This is the first in a series of interviews with scholars working on Digital Methods for Buddhist Studies. Our initial focus will be on scholars based in Japan, and/or working in Japanese, but we hope to expand beyond Buddhist Studies, and to scholars working in other languages and other parts of the world in future interviews. We hope that these interviews will not only introduce some of the exciting work of researchers in Japan to a new audience, but also explore the background of some well-known projects, while touching on the human stories of Digital Humanities as well.
For our first interview, we spoke to Charles Muller, professor at Musashino University in Tokyo, Japan, and Emeritus Professor at the University of Tokyo. Professor Muller is a scholar of East Asian thought, religion, and intellectual history, specializing in Korean Buddhism, and is the founder and editor of the Digital Dictionary of Buddhism (DDB) and the CJKV-English Dictionary of Confucian, Daoist, and Intellectual Historical Terms, two widely-used online reference works for East Asian Buddhism, East Asian philosophy and intellectual history. He is also the founder and network editor for the H-Buddhism scholars information network, to name only a few of the many projects he is involved in.
The DDB and CJKV dictionaries [CJKV stands for “Chinese, Japanese, Korean, and Vietnamese”] are remarkable not only because of their highly specialized content, and their online format, but because of their longevity as digital projects (both of them have been operating and continuously adding content since 1995), and their unique access and editorial model. As Professor Muller explains below, in addition to a standard institutional subscription model that can provide access to university-based users through a VPN, the DDB and CJKV-E dictionaries also allow any individual user on the internet to perform up to twenty searches a day without membership privileges, but may contribute an entry or group of entries of 350 words or more to gain full, unlimited access for two years. All entries are edited by Professor Muller before inclusion, so this model not only encourages contributions through “crowd sourcing,” but allows the DDB to be one of the few professionally-edited and open-access resources on the internet for information about Buddhism.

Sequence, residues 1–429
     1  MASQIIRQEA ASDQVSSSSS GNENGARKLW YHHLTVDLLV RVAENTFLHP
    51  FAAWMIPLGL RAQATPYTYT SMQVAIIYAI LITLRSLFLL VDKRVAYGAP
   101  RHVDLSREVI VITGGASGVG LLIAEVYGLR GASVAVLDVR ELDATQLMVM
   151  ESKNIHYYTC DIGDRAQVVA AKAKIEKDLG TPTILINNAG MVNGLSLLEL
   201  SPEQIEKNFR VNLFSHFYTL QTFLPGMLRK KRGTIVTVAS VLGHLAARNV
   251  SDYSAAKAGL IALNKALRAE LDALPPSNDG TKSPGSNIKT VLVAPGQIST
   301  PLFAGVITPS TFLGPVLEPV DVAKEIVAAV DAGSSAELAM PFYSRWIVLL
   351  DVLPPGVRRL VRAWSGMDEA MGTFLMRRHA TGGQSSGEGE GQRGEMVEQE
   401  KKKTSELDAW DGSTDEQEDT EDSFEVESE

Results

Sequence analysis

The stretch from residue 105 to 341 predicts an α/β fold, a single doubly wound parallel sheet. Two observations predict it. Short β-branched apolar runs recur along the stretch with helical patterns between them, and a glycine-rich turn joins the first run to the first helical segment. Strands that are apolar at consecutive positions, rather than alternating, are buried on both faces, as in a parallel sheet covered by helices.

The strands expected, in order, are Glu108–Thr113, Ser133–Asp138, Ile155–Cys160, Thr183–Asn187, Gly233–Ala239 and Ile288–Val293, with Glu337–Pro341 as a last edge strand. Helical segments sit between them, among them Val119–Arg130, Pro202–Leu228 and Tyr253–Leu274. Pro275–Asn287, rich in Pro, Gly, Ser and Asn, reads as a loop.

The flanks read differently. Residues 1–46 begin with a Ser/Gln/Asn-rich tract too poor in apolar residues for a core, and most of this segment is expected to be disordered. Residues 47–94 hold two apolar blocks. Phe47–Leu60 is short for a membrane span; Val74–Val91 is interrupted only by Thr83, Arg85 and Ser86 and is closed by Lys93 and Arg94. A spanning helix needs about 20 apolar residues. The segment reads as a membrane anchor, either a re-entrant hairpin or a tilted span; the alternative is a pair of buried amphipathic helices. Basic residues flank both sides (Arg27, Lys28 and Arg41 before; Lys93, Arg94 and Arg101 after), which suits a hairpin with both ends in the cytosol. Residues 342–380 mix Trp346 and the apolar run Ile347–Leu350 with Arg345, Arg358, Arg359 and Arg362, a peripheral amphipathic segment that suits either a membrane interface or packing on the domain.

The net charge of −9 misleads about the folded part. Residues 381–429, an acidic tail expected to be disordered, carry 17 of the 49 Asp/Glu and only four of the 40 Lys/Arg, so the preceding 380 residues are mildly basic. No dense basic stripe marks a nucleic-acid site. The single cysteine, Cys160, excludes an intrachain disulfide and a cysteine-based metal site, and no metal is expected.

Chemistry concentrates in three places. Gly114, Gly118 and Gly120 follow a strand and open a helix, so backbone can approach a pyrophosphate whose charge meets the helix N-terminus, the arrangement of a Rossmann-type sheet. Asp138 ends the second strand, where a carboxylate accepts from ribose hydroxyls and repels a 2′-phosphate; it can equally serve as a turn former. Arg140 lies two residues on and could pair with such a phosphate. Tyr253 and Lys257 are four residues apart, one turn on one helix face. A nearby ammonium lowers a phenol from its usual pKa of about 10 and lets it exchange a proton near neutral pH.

In this interview, we ask Professor Muller about these projects, his long engagement with Digital Humanities, and what he recommends for younger scholars of Buddhism and related fields who are interested in Digital Humanities. Interview by Tom Newhall [Links and text in brackets have been added for clarity]
TN [Tom Newhall, Buddhist Studies Editor for the Digital Orientalist]: What is your involvement with Digital Humanities, and in particular, how and why were the DDB and CJKV-E Dictionaries created and how have they evolved?
CM [Charles Muller]: The story of my involvement in Digital Humanities is long and complicated. When I started compiling the DDB and CJKV-E dictionaries in the mid-80s, PCs were only just coming to be widely used, and there wouldn’t be an Internet for another ten years. Once the dictionaries were placed on the web in ‘95, I gradually came to be associated with scholars whose names are now synonymous with the founding of Buddhist studies DH, such as Christian Wittern, Lewis Lancaster, Urs App, Masahiro Shimoda, and others. Unicode and XML were only in the early stages of their formulation, and it wasn’t for another further decade, say, around 2005 or so, that I even heard the terms “Digital Humanities,” “crowdsourcing,” etc., mentioned, and it wasn’t until I arrived at the University of Tokyo that I thought about attending or joining any form of digital humanities organization or events. The venue for academic exchange among Buddhologists and others had been, since the early 1990’s, the Electronic Buddhist Text Initiative (EBTI), the Pacific Neighborhood Consortium (PNC) and so forth. It was in the conferences and symposia run by these organizations that most early Buddhist studies and Asian studies digitizers presented and discussed their works.